Tax administration has make changes to keep pace with one of the fastest growing economies in the mediterranean region over the last 5 years which has brought enormous challenges for us on many fronts, but particularly in terms of:
– Growing number of taxpayers
– Taxpayers with increasingly complex and financial and investment profiles
All of the changes have occurred while resources have remained static. With the support (and sometimes the forbearance) of tax professionals, tax administration has managed to transform itself from an organisation that was focused on process and procedure, structurally frozen, averse to change and largely indifferent to its customers’ needs to one which is trying now to customer focused, more effective in its core businesses, structurally flexible, risk driven and looking forward with enthusiasm to the challenges ahead.
I would like to illustrate this by mentioning just a few of these major changes and the role of tax professionals in facilitating them:
The near future tax declaration-on-line filing service in Albania, it’s aspected to be a phenomenal success. In industrialised countries of EU, even though e-filing is not mandatory, over 53% of self employed taxpayers filed on-line last year, in order to be increased to over 60%. This is because so many of the returns are filed by tax professionals who have been active partners in our e-filing success. As a result, there have been huge benefits for both Revenue and practitioners in terms of service and cost. Tax professionals have been the most enthusiastic supporters of our on-line filing system and we are continuing to work closely with them in developing it to ensure that it continues to meet their needs and concerns re service, security and confidentiality.
There are some serious challenges ahead for the Tax Administration -Tax Professional relationship. Some of the main ones are that come to mind are:
Tax Planning and Avoidance
It would be wrong to give the impression that tax structures accept everything that the tax professional engages in. One of the main areas of contention is ‘avoidance’ or aggressive tax planning. While professionals have a key role to play in relation to promoting compliance, there are problems sometimes when tax planning steps over the line. Of course tax offices understands the motive for tax planning. Naturally, all taxpayers want to pay less tax and if there are ways of avoiding tax, and some are willing to pay a lot of money for it. The problem is when such schemes have the potential to undermine the integrity and legitimacy of the tax system in the wider community.
There is an ongoing debate with tax professionals as to where that line is – what’s acceptable and what’s unacceptable. The tax administration’s objective is to move tax professionals and their clients away from getting involved in unacceptable tax planning schemes. On the other hand, albanian tax administration are closely monitoring new developments in other countries to establish the best approach to take to change behaviour in this regard.
Integrated Revenue view of Taxpayer and Risk
The tax administration approach to tackling risk, in tax structures, is to analyse risks for a taxpayer across all taxes. This makes it more difficult for the general tax professional who may act in relation to some of the taxes only. It may present particular problems when preparing for a revenue audit when the full range of taxes and duties, from income tax to excise duties, could be reviewed.
More Professional Regulation
It’s not just tax administration that tax professionals have to deal with. They have to contend with more and more statutory reporting requirements from other bodies such as the Prosecutor, money laundering department, Customs, and many other public agencies regarding company law offences, to illustrate just a few regulatory bodies. The whole compliance environment is becoming more difficult for the practitioner and this is not being made easier by duplication of requirements from the various public bodies. However, we are working with other agencies to try and streamline matters where possible.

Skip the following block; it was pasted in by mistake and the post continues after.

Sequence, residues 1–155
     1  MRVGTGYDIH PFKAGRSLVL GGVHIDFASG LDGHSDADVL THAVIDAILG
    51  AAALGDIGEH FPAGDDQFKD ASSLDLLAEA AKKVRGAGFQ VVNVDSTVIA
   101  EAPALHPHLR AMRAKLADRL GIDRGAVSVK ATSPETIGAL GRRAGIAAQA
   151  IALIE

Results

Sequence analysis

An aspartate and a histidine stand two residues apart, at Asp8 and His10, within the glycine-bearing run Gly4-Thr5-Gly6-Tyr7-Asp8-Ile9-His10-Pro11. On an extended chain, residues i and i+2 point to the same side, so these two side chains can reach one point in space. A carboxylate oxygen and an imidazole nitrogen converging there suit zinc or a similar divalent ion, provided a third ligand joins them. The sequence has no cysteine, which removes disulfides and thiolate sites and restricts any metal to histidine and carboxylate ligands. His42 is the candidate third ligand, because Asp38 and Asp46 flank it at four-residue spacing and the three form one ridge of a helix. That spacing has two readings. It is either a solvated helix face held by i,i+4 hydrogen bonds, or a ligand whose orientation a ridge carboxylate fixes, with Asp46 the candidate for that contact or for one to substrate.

Finishing off Legacy Business
In the last four years, tax investigation units have carried out a number of large investigation projects aimed at dealing with tax evaded on funds hidden by way of various means, such as money laundering in the registered businesses, under reporting or missing declarations of incomes etc .
As mentioned earlier, there is a new investigation scheme underway into undeclared funds hidden. Because of the numbers of taxpayers involved, approximately 1, 000 over the last 2 years, tax professionals are complaining about the strain that all this extra work is placing on them which is in addition to their normal advisory and returns preparation work. The timing and management of some of these special investigations has been a bone of contention with them and this has caused some difficulties in their relationship with tax administration.
Tax professionals sometimes ask hard questions which tax officials may not have asked themselves and, which tax administration has to answer. This ultimately is of benefit to tax administration as it focuses them on dealing with and addressing difficult issues, which may have been overlooked.
As key stakeholders they want tax professionals to have a sense of ownership in the tax system. This partnership approach with them also helps to counter relationships of distrust and enables tax administration to create real relationships. To this end, the good relationship with tax professionals can help in building public confidence in the tax administration. In terms of our objectives, we have benefited from our approach with them. However, tax officials should not get carried away. While they have a long engagement, the marriage has been more one of convenience than of love for each other. Paying tax will never be popular and there will no doubt be serious difficulties ahead. This relationship overall is on a sound footing and capable of withstanding whatever troubles lie ahead. In this conclusion I can pronounce the sentence that I’m carrying in my mind always “Tax administration need tax professionals and they need tax administration”.